It would be one thing if Randlett pointed to his corporate background
as a rationale for his passion on the subject. It's quite another
thing to be so secretive about it that even Ryan Chamberlain,
his primary coworker, doesn't know. "I don't think he has
any business interests like that - outside of his own home,"
said Chamberlain when he was asked.
Randlett - and SFSOS - push for home ownership and for helping
TIC buyers. E-Loan also sells its mortgages to Wells Fargo, Hellman's
bank. The whole situation seems to be more than just private altruism,
however unpleasant. By being so undercover about his ties to the
lending industry, Randlett exposes SFSOS to more accusations of
playing the worst kind of politics: personal enrichment, along
with illegal campaign practices, on top of camouflaged mud-slinging.
Where Fisher stops and Randlett starts is anybody's guess.
What if the billionaire and his team are right, and Daly must
"go" in order to "save" San Francisco? Is
SFSOS going about it the most effective way? Do the ends justify
the vicious means?
Melbostad says no, that SFSOS doesn't get its way very often
at the ballot box. "I've thought about calling Don Fisher
and letting him know that Randlett and [Attorney Jim] Sutton are
pissing his money down the toilet. Fortunately, they don't have
a very good track record. San Francisco voters are at least skeptical
when they get these mail pieces."
After thinking a bit, Melbostad adds: "Does Fisher just
write the check?"
By selling enough pants - and enough loans - the money will keep
flowing and San Francisco will pay the price. The city needs the
Ethics Commission, the District Attorney, and the City Attorney
to put a stop to it.
Kepa Askenasy contributed to this report.
Some nitty-gritty on how SFSOS campaign finances
Originally, SFSOS set up a committee to oppose ballot measures.
This committee was set up by Attorney Jim Sutton.
When Feinstein and Hellman learned that this committee was going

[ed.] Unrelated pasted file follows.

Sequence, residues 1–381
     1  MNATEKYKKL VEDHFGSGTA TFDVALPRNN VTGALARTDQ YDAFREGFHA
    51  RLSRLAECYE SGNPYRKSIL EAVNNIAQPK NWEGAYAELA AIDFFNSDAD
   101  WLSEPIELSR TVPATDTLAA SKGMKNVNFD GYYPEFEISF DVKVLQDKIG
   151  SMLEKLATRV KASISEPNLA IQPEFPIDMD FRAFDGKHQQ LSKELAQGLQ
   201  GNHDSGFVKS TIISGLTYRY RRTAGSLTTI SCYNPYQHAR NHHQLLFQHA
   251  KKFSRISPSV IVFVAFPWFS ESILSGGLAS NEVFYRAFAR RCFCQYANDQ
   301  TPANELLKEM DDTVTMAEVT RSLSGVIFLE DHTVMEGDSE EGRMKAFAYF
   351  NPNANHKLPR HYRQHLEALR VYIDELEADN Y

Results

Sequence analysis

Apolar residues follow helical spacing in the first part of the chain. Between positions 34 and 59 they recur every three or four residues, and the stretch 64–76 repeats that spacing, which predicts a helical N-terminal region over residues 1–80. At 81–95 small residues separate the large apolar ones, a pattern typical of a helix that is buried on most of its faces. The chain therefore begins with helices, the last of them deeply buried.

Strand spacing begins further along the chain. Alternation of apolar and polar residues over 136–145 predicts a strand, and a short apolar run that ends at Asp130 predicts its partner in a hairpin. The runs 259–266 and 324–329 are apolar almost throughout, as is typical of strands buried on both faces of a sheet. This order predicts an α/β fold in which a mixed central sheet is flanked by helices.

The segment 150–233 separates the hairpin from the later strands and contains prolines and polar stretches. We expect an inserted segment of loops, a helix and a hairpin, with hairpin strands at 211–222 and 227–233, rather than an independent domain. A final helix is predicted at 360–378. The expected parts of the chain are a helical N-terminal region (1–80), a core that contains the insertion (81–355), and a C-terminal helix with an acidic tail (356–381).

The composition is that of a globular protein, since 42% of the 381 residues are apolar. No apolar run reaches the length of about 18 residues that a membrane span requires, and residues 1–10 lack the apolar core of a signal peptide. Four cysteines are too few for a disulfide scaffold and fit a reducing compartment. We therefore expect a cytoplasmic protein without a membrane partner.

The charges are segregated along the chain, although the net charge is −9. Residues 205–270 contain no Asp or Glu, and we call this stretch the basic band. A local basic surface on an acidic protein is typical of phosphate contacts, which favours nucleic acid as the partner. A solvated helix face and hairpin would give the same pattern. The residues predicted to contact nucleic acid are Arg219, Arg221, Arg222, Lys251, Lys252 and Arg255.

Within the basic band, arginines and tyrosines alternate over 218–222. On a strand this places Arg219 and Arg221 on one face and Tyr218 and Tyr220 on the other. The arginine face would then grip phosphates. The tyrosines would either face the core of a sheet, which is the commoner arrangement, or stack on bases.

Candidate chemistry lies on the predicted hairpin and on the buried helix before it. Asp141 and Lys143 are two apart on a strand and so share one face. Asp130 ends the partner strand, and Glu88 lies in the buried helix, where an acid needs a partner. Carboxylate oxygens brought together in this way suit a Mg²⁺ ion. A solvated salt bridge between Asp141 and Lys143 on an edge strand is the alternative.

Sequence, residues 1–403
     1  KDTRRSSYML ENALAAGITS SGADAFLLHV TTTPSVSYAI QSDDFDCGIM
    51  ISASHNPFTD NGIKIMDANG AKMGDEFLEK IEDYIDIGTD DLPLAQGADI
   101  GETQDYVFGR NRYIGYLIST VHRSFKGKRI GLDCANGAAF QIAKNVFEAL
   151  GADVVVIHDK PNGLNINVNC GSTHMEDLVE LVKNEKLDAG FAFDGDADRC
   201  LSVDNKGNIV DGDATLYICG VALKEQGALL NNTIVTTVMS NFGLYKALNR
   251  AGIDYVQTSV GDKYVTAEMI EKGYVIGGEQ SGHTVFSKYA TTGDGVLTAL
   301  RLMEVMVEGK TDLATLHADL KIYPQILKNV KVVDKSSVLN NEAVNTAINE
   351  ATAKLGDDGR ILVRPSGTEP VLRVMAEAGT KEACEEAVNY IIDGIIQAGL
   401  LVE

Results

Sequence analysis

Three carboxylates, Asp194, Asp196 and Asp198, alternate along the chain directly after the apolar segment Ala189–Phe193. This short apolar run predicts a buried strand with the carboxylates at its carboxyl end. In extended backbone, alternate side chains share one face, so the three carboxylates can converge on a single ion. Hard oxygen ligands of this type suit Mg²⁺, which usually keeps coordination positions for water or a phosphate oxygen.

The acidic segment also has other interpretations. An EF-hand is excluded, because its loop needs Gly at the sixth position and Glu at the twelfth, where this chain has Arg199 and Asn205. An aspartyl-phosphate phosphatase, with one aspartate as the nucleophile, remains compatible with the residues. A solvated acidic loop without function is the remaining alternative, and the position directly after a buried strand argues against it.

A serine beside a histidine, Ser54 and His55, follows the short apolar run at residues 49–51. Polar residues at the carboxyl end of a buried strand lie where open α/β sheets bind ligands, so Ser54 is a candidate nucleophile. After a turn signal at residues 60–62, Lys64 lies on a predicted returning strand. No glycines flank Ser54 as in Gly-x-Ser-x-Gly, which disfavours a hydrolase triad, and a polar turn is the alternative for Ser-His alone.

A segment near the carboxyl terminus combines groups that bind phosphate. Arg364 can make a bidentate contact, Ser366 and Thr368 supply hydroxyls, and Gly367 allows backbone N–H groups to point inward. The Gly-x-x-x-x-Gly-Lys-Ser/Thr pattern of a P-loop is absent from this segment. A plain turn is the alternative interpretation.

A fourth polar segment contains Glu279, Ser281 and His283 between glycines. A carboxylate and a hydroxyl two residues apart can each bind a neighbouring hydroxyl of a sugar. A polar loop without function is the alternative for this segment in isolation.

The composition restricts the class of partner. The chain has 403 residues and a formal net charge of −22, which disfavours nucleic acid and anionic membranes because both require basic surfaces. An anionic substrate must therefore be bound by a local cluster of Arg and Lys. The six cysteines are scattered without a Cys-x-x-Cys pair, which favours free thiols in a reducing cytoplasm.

to fund hit pieces against District 11 candidate Supervisor Gerardo
Sandoval, they distanced themselves from the group. This is when
Sutton terminated the original committee and set up another committee
instead, for which he was treasurer.
Sutton accepted two contributions of $24,500 from Don Fisher,
the sole contributor to the committee. Sutton claimed that the
purpose of the committee was to defeat a ballot measure. In fact,
all the materials the committee produced urged defeat of Sandoval,
and supported opposing candidate Myrna Lim.
These materials included images of swastikas and dying AIDS patients.
They were sent only to District 11, which is more evidence that
simply defeating a city-wide ballot measure was not the group's
intent. The mailers did not carry the identity of the sender as
required, and had only the return address of a mail house at 4
The cost for the mailings - and the total of the illegal contributions
SFSOS and Sutton laundered - clearly exceeded the voluntary spending
limit of $86,000 for candidates for supervisor.
After the election, in which Sandoval was reelected, Fisher donated
What is allowed
Wealthy individuals have the same First Amendment rights as everyone
else, and are allowed to spend as much as they like to publicize
and express personal views.
What is not allowed
Contributing more than the legal limit of $500 to a committee
making independent expenditures to support or oppose a candidate.
The Supreme Court has upheld contribution limits as constitutional.
Source: Paul Melbostad, private civil attorney and former chair,
SFSOS website: www.sfsos.com
Chris Daly campaign website: www.daly06.com
SFSOS political effort on home ownership, click
Wade Randlett, involvement with E-Loan, Inc., click
E-Loan's new type of TIC mortgages, click
Form letter by SFSOS calling for TICs; supporting legislation
carried by Supervisors Dufty and Alioto-Pier; and disparaging
Daly for his "assault on homeownership," click
Randlett calls for "public disclosure and playing by the